Solved

How to check if user has an Exchange mailbox

Posted on 2011-03-16
7
5,103 Views
Last Modified: 2012-05-11
I am writing a script that will perform some functions if the user has an Exchange mailbox. I'm getting stuck on how to check if the user has a mailbox.

Right now I'm using powershell but I can use VBS or batch commands if that's easier.

Here's what I have with powershell:
$strName = "testuser"

$strFilter = "(&(objectCategory=User)(samAccountName=$strName))"
$objSearcher = New-Object System.DirectoryServices.DirectorySearcher
$objSearcher.Filter = $strFilter
$objPath = $objSearcher.FindOne()
$objUser = $objPath.GetDirectoryEntry()

$a = $objUser.msExchMailboxGuid

Open in new window




That works fine to get the mailbox GUID. What I would like to do is compare that $a variable to see if it's empty. But I can't figure out how to run a compare. Here's the value when there is no GUID:

PS C:\> Get-Variable -Name a |fl *

Name        : a
Description :
Value       : {}
Visibility  : Public
Module      :
ModuleName  :
Options     : None
Attributes  : {}

Open in new window


Does anyone have suggestions on how to do this with PowerShell or any other method?

Thanks!
0
Comment
Question by:Jeremy Weisinger
[X]
Welcome to Experts Exchange

Add your voice to the tech community where 5M+ people just like you are talking about what matters.

  • Help others & share knowledge
  • Earn cash & points
  • Learn & ask questions
7 Comments
 
LVL 16

Expert Comment

by:uescomp
ID: 35149405
You could try:

Get-User user1 | Select-Object Name,RecipientType,RecipientTypeDetails
0
 
LVL 7

Expert Comment

by:waleeda
ID: 35149537
you do through query from the active directory users and computer, to show all user with a value in the email address field
0
 
LVL 33

Assisted Solution

by:Todd Gerbert
Todd Gerbert earned 100 total points
ID: 35149557
$a.Value.Length will be 0 if there's no GUID.
0
Has Powershell sent you back into the Stone Age?

If managing Active Directory using Windows Powershell® is making you feel like you stepped back in time, you are not alone.  For nearly 20 years, AD admins around the world have used one tool for day-to-day AD management: Hyena. Discover why.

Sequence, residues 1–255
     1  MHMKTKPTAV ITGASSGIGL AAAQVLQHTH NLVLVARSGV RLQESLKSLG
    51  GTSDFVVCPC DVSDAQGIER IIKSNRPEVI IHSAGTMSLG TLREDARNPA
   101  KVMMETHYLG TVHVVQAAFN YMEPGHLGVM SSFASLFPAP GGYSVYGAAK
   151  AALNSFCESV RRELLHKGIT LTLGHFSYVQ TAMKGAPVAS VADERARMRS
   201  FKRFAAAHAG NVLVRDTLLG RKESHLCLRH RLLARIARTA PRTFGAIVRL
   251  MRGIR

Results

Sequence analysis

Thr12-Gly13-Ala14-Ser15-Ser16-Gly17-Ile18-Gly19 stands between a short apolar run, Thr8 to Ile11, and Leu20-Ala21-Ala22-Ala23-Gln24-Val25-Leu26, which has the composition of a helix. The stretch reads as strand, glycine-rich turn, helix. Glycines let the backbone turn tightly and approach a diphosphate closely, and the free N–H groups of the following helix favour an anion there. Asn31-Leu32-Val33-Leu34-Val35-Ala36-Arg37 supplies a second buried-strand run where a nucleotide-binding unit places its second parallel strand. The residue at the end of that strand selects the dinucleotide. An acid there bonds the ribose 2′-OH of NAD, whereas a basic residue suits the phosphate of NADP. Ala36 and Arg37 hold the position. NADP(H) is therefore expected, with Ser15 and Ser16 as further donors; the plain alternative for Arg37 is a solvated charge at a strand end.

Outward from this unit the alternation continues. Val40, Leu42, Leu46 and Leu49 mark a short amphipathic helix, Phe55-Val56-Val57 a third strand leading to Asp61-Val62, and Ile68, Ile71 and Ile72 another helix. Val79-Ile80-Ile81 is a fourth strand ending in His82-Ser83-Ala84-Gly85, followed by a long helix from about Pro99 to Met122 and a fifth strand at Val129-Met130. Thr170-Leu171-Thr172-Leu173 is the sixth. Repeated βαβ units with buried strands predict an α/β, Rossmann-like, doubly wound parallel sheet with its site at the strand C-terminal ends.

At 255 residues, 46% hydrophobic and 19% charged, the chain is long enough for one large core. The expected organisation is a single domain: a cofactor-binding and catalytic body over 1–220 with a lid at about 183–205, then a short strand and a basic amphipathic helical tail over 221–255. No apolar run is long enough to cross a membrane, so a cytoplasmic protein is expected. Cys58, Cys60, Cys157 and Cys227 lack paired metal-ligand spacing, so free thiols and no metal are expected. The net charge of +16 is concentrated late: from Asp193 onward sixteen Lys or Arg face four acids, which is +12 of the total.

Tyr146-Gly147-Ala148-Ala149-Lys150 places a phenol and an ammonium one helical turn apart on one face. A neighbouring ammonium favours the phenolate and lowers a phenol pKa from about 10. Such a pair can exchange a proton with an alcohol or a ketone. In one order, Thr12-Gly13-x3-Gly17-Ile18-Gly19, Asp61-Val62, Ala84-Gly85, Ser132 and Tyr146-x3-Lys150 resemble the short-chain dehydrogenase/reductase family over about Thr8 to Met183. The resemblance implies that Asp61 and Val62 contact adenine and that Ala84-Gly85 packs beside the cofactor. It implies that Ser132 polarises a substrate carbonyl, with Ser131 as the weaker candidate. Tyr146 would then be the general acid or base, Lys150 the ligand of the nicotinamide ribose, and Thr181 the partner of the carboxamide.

LVL 18

Author Comment

by:Jeremy Weisinger
ID: 35149878
@uescomp I should have given a little more detail. I'm running this command on an RDSH server. So no AD and no Exchange installed on the server so I can't run that command.

@waleeda Sorry but I need this automated in a script

@tgerbert Good suggestion but it's not working for the variable. I seemingly can't evaluate the value. When I run $a.value.length it just returns to the next prompt without giving output. Here's what I get:
PS C:\> $a.value.length
PS C:\>

Open in new window

It's almost like it has a null entry but when I try and compare it to null it just returns to the prompt. If I create the x variable with a null value I get the following:
PS C:\> $x = $null
PS C:\> $x.value.length
PS C:\>

Open in new window


But I can compare it... :
PS C:\> $x -eq $null
True
PS C:\>

Open in new window

but not the empty GUID:
PS C:\> $a -eq $null
PS C:\>

Open in new window

That above command should return either True or False but it is not returning anything. This is why I can't seem to compare it.
0
 
LVL 18

Accepted Solution

by:
Jeremy Weisinger earned 0 total points
ID: 35150277
OK, I found out what I was missing. The datatype is an Object. I can use one of the object properties to get what I'm looking for. Here's the code:

$strName = "testuser"

$strFilter = "(&(objectCategory=User)(samAccountName=$strName))"
$objSearcher = New-Object System.DirectoryServices.DirectorySearcher
$objSearcher.Filter = $strFilter
$objPath = $objSearcher.FindOne()
$objUser = $objPath.GetDirectoryEntry()

$a = $objUser.msExchMailboxGuid
if($a.count -eq 1)
{write-host User has mailbox}

Open in new window

0
 
LVL 33

Expert Comment

by:Todd Gerbert
ID: 35150961
$a.Value -eq $null
0
 
LVL 18

Author Closing Comment

by:Jeremy Weisinger
ID: 35178801
Thanks for posting. You help me head in the right direction.
0

Featured Post

Office 365 Training for IT Pros

Learn how to provision tenants, synchronize on-premise Active Directory, implement Single Sign-On, customize Office deployment, and protect your organization with eDiscovery and DLP policies.  Only from Platform Scholar.

Question has a verified solution.

If you are experiencing a similar issue, please ask a related question

With User Account Control (UAC) enabled in Windows 7, one needs to open an elevated Command Prompt in order to run scripts under administrative privileges. Although the elevated Command Prompt accomplishes the task, the question How to run as script…
A quick Powershell script I wrote to find old program installations and check versions of a specific file across the network.
In this video we show how to create a Resource Mailbox in Exchange 2013. We show this process by using the Exchange Admin Center. Log into Exchange Admin Center.: Navigate to the Recipients >> Resources tab.: "Recipients" is our default selection …
In this video we show how to create an email address policy in Exchange 2013. We show this process by using the Exchange Admin Center. Log into Exchange Admin Center.:  First we need to log into the Exchange Admin Center. Navigate to the Mail Flow…

710 members asked questions and received personalized solutions in the past 7 days.

Join the community of 500,000 technology professionals and ask your questions.

Join & Ask a Question